Newly released video obtained by NBC5 Investigates, shows the moments in July when so-called "serial stowaway" Marilyn Hartman appeared at Chicago's O'Hare and Midway airports, within 48 hours of her release from Cook County Jail after incidents with police at both airfields.
After her release July 2, Hartman insisted her days of testing airport security were over. But the following day, she was spotted by police at Midway. In the surveillance video, Hartman is seen being escorted by police who watched as she bought a ticket to New York's LaGuardia Airport. She was then ushered through security, to a gate, where officers watched as she boarded a Southwest Airlines flight.
But that normalcy did not last long. Police alleged that Hartman became disruptive on the flight, and she was removed from the plane.
She was not charged, but she appeared at O'Hare the following day. The video appears to show the 63 year old Hartman attempting to blend in with a family at one TSA I.D. checkpoint in Terminal 1, then another adjacent station, where she was turned away. By that point, her presence in the airport had been detected, and she was taken into custody.
Hartman has made little effort to deny her checkered past. Writing in San Francisco Magazine, author Joe Eskenazi said she told him, over the course of several interviews, how she was the victim of a vast conspiracy which had placed her in airports and on airplanes in cities across the United States.
"The goal of this plot is to set her up for lengthy incarceration and punishment," he wrote, "and yet, paradoxically, her persecutors repeatedly allow her to escape lengthy incarceration and punishment, so that she may attempt to sneak onto planes again and again."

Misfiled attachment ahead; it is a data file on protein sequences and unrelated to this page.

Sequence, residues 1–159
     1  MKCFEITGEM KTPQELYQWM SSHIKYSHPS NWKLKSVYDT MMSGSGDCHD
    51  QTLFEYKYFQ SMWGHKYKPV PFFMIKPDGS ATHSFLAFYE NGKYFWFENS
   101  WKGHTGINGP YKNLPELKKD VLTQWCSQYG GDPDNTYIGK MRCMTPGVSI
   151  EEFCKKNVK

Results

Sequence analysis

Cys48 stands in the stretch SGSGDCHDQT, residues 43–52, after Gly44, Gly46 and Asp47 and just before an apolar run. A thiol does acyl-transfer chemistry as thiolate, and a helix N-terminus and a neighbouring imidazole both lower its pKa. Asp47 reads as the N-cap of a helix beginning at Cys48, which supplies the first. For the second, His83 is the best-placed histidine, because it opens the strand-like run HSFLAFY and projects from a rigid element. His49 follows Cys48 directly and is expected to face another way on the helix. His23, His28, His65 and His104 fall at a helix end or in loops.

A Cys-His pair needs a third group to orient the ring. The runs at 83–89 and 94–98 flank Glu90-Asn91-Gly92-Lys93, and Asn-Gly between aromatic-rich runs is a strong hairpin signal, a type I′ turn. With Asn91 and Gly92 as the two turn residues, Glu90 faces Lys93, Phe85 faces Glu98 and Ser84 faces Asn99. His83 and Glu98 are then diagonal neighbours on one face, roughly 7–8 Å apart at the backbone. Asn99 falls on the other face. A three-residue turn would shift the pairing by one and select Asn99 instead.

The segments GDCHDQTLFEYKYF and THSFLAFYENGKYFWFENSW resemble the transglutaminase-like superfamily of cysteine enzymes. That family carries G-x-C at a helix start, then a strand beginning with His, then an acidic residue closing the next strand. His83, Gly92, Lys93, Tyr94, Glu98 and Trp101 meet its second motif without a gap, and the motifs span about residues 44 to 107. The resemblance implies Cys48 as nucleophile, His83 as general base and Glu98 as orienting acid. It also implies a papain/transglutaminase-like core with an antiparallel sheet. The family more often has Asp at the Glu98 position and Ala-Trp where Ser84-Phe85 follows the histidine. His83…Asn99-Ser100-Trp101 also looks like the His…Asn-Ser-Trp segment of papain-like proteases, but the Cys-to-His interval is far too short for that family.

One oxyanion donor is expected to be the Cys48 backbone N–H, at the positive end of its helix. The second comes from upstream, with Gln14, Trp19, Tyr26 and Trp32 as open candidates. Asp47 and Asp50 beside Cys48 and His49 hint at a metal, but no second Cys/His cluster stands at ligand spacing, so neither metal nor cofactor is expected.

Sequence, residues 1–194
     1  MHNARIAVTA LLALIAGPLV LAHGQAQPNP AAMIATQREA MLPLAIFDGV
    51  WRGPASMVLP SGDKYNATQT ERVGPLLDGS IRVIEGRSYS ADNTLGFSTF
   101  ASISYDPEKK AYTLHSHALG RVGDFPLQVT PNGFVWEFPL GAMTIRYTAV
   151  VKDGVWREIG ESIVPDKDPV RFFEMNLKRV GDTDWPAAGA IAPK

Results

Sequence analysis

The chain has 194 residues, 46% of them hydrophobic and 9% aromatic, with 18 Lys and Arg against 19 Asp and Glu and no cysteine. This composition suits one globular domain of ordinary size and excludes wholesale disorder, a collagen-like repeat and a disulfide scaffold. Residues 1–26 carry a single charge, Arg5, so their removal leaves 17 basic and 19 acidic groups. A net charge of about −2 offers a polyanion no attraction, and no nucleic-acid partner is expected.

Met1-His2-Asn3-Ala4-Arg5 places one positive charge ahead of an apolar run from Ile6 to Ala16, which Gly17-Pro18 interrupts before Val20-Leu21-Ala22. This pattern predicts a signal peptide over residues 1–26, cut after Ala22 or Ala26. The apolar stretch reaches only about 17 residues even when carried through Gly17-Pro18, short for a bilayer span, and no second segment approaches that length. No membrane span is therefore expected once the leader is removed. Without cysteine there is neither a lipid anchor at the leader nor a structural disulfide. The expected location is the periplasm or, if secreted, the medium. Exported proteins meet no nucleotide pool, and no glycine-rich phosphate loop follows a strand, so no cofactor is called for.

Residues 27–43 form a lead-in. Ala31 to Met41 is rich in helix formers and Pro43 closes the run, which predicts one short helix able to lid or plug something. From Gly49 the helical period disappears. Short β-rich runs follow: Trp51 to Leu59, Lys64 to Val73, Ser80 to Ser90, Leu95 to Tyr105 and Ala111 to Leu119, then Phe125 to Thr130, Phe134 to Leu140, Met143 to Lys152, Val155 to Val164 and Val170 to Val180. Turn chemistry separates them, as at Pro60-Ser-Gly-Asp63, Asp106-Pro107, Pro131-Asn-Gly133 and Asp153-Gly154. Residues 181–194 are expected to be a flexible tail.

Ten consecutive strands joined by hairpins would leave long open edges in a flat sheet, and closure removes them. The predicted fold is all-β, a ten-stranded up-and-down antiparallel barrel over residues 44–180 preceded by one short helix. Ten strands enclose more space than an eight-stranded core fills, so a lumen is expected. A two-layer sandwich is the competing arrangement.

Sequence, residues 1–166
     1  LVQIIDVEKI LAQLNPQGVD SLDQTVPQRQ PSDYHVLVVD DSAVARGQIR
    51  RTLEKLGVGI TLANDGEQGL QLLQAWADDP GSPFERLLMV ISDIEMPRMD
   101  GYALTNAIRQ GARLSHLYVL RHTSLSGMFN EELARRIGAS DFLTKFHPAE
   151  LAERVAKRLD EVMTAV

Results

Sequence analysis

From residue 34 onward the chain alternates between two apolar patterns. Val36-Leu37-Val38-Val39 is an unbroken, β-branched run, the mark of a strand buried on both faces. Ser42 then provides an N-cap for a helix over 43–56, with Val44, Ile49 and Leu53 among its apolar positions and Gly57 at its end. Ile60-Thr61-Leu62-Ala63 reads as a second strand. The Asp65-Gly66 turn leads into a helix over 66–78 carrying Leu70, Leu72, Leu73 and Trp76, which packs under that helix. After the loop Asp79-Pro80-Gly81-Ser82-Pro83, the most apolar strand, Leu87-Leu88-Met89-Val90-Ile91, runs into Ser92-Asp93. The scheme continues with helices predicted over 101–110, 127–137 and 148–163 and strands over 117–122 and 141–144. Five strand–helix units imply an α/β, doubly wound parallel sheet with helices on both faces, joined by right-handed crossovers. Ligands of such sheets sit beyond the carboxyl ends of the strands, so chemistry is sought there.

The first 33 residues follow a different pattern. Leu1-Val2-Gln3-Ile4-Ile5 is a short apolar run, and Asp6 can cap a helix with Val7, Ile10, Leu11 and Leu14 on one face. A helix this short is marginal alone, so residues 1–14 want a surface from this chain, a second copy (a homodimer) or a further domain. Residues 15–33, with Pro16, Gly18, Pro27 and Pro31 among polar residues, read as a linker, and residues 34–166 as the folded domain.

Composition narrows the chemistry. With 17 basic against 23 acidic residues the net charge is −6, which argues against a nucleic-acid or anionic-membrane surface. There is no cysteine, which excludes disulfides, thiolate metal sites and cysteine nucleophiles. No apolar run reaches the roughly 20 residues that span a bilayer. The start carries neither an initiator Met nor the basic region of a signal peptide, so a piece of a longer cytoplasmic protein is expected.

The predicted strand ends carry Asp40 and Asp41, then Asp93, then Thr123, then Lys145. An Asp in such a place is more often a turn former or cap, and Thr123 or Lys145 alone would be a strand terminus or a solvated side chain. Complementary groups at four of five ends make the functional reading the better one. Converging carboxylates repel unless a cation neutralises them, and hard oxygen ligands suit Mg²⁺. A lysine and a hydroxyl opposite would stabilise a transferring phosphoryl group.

Eskenazi says Hartman sees no contradiction. "I have been allowed on the plane by people working at the airport," he says she declared. "They're in on it. So many people are: leering onlookers on public transit, ingratiating jailhouse snitches, President Obama. It goes far. It goes wide."
When authorities in Alameda County California obtained an injunction barring Hartman from trespassing at the airport in Oakland, they said she had attempted to breach airport security 18 times at at least 8 airports across the United States, including four in California.
"On at least three occasions she has successfully boarded flights," Judge Brenda Harbin-Forte wrote in that injunction, "for which she has neither purchased, nor presented a ticket in her name."
The injunction called Hartman's behavior a "public nuisance", and said her repeated efforts to breach airport security, could "provide valuable information to terrorists, about strengths and weaknesses of airport security."
The document warned that Hartman's behavior could otherwise divert valuable airport resources, "that should be used to prevent terrorism and other airport crimes."
In a motion filed this week, Cook County Prosecutors said they would ask the court for latitude to introduce evidence of Hartman's prior attempts at Chicago's airports, noting that at the time of her arrest July 4, "Defendant said she did not have a valid airline ticket...did not intend to purchase one, and only came to O'Hare because she was tired and didn't want to go elsewhere."